Harvard Law Students Speak Out On Online Fall Semester
Harvard Law Students are criticizing plans for an online fall semester.
Earlier this month, Harvard Law School Dean John F. Manning announced that the law school would hold its fall semester online in response to the ongoing COVID-19 pandemic.
“This is not the announcement we’d hoped to make,” Dean John Manning writes in a letter to students. “But our first priority is, and must continue to be, the health and safety of our community, and we cannot reliably conclude at this time that we can safely provide an effective on-campus program this fall.”
STUDENTS FED UP
Following Manning’s announcement, law students drafted a petition that called for an alternative model and changes to the law school’s proposed policies, The Harvard Crimson reports.
In response, the law school held webinars and posted FAQs on topics such as tuition, grading, and leave of absence options. Yet, many students have found the response and information provided by Harvard Law to be “vague” or “insensitive.”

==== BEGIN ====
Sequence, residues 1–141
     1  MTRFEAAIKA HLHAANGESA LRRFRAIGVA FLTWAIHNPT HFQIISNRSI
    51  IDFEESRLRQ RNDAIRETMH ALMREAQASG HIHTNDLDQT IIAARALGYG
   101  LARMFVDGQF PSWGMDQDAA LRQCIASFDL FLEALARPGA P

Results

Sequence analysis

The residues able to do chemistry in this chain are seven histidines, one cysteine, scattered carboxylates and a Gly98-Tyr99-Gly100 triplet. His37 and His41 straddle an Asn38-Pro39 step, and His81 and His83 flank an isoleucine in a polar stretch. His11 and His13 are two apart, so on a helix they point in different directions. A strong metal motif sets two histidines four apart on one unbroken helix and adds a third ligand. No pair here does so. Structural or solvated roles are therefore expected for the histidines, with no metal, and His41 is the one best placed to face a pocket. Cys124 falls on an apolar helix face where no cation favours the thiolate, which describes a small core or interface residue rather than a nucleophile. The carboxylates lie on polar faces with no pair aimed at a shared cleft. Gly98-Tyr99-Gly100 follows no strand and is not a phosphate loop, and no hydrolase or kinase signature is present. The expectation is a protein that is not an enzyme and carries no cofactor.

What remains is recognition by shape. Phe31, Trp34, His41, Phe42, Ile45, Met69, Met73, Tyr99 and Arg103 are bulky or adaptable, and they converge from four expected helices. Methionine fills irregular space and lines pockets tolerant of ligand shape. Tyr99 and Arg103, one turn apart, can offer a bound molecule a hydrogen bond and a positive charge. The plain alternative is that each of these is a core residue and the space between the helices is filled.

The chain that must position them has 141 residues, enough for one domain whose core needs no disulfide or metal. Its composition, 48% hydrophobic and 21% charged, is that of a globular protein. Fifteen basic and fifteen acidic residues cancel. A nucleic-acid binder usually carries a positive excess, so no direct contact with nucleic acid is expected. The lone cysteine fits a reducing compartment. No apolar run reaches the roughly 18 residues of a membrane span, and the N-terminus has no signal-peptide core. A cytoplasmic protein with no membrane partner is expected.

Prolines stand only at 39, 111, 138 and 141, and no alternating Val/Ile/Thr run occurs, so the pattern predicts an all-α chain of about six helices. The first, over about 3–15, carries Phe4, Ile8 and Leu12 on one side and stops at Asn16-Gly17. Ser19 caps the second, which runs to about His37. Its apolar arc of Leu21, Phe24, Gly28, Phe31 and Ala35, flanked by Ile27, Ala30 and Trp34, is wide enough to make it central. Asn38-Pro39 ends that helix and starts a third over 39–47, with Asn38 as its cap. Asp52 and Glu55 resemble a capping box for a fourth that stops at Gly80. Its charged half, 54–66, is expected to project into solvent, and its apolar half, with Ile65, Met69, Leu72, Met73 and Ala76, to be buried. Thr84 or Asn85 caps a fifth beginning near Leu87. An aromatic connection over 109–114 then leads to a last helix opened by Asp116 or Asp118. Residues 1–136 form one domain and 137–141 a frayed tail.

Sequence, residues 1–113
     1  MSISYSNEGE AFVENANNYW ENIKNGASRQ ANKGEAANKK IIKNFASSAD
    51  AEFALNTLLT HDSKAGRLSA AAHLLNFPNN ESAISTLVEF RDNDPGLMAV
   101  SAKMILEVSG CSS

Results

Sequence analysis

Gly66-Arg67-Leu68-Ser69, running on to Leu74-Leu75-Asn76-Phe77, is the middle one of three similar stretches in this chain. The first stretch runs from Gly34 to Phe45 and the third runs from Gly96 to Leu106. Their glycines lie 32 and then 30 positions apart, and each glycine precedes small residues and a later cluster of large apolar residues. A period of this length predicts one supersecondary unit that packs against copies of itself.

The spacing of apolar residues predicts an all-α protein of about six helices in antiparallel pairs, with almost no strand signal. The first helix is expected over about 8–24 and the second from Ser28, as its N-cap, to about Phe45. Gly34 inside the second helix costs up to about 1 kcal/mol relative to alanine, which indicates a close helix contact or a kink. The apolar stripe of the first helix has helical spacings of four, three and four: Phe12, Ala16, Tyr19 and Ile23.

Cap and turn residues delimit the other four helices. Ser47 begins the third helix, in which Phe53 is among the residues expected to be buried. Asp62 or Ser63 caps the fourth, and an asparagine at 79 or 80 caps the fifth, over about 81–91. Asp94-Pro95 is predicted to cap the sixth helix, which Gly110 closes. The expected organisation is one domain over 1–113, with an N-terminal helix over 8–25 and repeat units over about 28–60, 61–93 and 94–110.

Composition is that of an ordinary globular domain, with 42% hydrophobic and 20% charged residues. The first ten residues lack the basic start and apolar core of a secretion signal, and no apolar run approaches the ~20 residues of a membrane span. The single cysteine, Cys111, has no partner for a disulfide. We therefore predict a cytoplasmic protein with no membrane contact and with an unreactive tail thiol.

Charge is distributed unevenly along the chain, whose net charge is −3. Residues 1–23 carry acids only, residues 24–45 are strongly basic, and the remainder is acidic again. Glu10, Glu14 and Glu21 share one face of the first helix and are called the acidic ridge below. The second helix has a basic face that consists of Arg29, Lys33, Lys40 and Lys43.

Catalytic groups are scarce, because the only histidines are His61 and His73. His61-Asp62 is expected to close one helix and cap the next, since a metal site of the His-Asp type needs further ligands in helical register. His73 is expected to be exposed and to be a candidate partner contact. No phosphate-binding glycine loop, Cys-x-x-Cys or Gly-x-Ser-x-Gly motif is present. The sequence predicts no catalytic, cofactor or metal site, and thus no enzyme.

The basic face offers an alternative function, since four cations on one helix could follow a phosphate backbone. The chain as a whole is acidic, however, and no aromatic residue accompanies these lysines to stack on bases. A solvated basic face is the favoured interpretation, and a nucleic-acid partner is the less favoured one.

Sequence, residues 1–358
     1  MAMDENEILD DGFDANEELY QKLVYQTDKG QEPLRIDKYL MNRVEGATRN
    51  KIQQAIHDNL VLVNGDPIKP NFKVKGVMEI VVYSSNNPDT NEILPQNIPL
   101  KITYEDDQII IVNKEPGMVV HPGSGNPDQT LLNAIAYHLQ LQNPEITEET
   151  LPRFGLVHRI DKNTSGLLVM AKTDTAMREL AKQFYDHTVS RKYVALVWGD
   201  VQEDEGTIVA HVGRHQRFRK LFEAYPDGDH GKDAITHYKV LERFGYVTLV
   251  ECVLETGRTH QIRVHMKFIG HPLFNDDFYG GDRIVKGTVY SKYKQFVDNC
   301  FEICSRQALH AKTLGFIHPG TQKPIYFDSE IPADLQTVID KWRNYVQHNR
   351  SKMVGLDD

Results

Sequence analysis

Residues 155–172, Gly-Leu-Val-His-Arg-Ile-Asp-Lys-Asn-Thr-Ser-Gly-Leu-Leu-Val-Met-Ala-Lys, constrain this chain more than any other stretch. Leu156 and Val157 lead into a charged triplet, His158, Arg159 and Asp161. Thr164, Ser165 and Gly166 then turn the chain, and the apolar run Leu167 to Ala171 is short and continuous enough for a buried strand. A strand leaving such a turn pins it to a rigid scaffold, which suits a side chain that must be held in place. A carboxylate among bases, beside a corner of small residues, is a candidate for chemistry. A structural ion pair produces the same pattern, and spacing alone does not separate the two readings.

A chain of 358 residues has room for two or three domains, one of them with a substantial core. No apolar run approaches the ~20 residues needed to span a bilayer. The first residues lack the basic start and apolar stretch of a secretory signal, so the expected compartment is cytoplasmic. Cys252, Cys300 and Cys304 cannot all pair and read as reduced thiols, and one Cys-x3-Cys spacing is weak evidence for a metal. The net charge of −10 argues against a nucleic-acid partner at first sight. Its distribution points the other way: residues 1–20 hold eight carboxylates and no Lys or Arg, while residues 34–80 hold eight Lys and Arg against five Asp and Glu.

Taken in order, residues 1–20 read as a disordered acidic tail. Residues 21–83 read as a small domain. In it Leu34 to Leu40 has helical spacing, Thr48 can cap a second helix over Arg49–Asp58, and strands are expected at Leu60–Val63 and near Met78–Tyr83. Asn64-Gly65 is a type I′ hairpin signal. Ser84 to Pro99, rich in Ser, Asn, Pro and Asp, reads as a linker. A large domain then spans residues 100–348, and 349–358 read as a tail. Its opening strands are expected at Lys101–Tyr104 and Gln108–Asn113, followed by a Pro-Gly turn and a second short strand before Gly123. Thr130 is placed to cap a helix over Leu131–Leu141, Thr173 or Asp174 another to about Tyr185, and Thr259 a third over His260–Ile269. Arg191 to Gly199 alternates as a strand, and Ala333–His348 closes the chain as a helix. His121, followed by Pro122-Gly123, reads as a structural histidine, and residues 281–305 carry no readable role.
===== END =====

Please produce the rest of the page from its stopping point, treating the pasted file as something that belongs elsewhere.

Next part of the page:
“I think finally people are getting fed up with how HLS has been less than transparent in this whole process,” Harvard Law School student Paul A. Caintic tells The Crimson. “It’s just all been handled really terribly, and it hasn’t quelled students’ worries at all.”
In a webinar, Assistant Dean for Career Services Mark Weber suggested that students should be grateful to experience an online education as the legal profession continues to lean toward remote work, according to The Crimson.
“We just saw a seismic shift in what is going on in the legal environment in the last 10 to 12 weeks,” Weber tells The Crimson. “The remote environment is going to be much more prevalent because we are already seeing that people can do it. The people who are here are going to be a little bit more seasoned in that environment because that is what it’s going to look like.”
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